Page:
Working with a trust attorney is vital to ensuring the Trustee is protected in fulfilling his or her legal obligations. A trust attorney can also help ensure the trust’s beneficiaries receive the maximum potential benefits according to the terms of the trust, and any applicable estate taxes are minimized.
Guiding families through the trust administration process.
Whether you reside in Oregon or Washington, We can help. Gevurtz Menashe estate planning attorneys have extensive experience helping clients navigate issues in trust administrations. Call 503-227-1515 or contact us online to schedule a consultation.
Trustor vs. Trustee
First, it is important to understand who the various parties are in a trust. A Settlor or Trustor is the person who creates the trust. A Trustee is an individual or entity that has the authority to manage the assets owned by the trust according to the trust’s terms. A beneficiary is an individual or entity entitled to receive a benefit from the trust, such as cash or the right to use certain property. The Trustee is required to manage the trust assets for the benefit of beneficiaries according to the trust’s terms.
Revocable Trusts—The Settlor
In a revocable trust, the Settlor is also typically the Trustee and the beneficiary of the trust for the Settlor’s lifetime. Upon the Settlor’s death, however, the parties to the trust change. A new Trustee, called a successor Trustee, is named in the trust document to step in and administer the trust. The beneficiaries typically change from the Settlor to other individuals or entities, such as family members, friends, or charities. Additionally, upon the Settlor’s death, the successor Trustee will be authorized and obligated to pay the Settlor’s final debts and expenses, handle any tax issues which may arise, and distribute the remaining trust assets to the beneficiaries in a timely and proper manner.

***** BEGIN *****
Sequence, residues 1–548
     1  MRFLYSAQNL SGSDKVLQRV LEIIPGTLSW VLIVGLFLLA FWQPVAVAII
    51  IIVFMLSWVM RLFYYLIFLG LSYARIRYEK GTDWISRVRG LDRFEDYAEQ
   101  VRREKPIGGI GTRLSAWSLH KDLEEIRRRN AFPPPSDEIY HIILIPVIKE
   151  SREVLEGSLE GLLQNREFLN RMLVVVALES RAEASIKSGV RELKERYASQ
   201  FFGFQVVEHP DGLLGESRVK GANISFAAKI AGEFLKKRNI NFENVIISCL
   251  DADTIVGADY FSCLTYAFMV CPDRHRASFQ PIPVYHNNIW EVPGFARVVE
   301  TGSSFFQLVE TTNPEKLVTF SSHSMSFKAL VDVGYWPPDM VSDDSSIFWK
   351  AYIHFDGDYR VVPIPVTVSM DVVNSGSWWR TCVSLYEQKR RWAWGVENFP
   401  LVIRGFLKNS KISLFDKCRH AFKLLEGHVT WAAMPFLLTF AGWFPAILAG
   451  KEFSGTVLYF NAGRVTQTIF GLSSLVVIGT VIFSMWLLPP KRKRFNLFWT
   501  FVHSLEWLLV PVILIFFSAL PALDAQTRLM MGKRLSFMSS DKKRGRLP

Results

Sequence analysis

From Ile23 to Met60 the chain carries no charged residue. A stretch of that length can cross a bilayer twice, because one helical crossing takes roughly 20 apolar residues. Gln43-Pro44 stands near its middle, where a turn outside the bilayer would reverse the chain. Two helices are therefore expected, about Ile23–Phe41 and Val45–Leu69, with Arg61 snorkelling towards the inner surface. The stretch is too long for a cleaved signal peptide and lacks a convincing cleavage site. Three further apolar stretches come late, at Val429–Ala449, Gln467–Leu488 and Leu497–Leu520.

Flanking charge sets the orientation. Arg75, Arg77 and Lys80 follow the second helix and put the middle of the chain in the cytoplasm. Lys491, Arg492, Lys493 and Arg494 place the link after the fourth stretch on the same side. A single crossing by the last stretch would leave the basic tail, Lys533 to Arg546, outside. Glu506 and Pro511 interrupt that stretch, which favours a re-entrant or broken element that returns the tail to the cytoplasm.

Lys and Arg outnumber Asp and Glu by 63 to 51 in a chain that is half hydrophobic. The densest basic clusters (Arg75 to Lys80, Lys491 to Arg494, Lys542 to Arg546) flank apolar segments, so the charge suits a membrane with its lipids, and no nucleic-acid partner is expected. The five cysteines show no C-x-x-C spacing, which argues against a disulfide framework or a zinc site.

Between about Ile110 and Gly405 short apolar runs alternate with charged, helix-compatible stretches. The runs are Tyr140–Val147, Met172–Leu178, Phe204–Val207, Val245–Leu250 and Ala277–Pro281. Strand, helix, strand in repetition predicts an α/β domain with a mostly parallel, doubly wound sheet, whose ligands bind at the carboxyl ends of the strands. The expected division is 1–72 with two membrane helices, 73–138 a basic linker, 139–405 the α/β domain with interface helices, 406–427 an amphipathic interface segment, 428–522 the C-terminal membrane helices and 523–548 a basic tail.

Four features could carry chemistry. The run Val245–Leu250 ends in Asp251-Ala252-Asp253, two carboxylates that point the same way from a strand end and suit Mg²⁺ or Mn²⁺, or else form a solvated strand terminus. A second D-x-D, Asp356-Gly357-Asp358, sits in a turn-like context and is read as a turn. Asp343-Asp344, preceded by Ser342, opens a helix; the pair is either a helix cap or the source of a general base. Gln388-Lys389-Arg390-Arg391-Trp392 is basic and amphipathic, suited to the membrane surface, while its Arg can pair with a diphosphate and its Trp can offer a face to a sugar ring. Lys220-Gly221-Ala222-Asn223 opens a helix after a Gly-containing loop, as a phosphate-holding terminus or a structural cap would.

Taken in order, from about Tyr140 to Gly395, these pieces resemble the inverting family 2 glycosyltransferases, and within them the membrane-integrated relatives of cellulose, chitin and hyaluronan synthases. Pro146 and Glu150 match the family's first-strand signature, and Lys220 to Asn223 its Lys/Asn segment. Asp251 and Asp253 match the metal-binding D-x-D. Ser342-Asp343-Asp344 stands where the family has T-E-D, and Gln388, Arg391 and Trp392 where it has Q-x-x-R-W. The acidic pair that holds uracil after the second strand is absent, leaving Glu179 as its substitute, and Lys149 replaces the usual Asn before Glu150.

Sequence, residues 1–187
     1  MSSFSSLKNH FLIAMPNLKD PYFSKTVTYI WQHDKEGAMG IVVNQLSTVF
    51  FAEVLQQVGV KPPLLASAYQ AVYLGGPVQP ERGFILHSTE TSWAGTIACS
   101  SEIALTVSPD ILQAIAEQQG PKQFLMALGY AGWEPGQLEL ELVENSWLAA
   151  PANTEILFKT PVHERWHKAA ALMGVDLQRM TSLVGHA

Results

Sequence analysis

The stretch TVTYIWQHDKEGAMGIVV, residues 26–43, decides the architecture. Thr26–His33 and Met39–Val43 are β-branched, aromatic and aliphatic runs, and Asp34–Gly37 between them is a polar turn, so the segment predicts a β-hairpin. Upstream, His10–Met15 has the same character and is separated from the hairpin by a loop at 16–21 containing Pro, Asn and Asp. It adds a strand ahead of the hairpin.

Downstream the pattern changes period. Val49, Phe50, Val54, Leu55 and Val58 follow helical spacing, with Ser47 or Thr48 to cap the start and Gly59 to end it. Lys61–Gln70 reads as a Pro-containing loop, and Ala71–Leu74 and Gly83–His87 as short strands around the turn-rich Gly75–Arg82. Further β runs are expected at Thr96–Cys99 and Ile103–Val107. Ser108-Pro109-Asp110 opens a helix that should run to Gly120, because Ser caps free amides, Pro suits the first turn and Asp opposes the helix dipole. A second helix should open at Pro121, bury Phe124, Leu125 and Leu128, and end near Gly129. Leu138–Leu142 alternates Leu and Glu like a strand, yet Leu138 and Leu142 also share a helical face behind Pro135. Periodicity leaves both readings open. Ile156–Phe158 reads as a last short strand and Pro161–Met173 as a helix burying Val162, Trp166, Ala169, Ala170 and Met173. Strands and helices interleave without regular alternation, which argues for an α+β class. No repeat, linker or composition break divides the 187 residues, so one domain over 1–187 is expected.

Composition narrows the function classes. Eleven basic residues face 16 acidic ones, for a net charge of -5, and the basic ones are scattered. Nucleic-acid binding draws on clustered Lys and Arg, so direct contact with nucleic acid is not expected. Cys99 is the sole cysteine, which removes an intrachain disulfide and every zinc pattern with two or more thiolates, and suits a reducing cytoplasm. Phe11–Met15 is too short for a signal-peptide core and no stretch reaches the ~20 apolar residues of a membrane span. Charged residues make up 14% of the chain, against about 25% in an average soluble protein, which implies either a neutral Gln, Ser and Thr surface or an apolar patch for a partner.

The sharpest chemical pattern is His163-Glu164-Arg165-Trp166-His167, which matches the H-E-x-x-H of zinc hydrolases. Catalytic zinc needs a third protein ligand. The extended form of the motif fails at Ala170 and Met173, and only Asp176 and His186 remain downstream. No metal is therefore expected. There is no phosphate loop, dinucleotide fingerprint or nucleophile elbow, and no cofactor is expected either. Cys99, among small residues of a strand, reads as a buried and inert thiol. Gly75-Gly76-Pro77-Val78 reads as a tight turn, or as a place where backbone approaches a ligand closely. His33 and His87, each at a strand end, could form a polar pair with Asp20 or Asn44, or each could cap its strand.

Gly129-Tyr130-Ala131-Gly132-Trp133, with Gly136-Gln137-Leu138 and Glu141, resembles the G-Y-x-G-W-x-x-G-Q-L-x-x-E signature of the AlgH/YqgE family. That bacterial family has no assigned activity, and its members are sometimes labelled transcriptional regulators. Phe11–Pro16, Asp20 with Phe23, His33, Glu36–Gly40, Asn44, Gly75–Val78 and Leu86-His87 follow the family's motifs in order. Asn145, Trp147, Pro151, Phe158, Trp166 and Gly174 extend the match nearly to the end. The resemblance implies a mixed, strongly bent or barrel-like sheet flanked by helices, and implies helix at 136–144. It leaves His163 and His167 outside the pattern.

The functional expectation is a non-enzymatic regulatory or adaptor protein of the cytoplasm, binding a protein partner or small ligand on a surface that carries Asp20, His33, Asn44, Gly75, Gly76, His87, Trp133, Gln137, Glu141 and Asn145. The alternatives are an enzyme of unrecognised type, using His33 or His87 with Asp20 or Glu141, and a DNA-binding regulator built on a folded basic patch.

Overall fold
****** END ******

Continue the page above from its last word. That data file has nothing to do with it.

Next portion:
How Does It Work?
Although court involvement typically is not required, successor Trustees are bound by state law and the terms of the trust to properly administer the trust. A successor Trustee is subject to a number of duties and obligations which must be performed within certain timeframes. The Trustee is required to provide the beneficiaries with certain information and keep the beneficiaries’ best interests in mind throughout the trust administration process.
An experienced trust lawyer can assist a successor Trustee in properly administering a trust. The lawyer can help the Trustee successfully navigate complicated tax issues, conflicts between beneficiaries, and help ensure the Trustee is protected by following all applicable laws.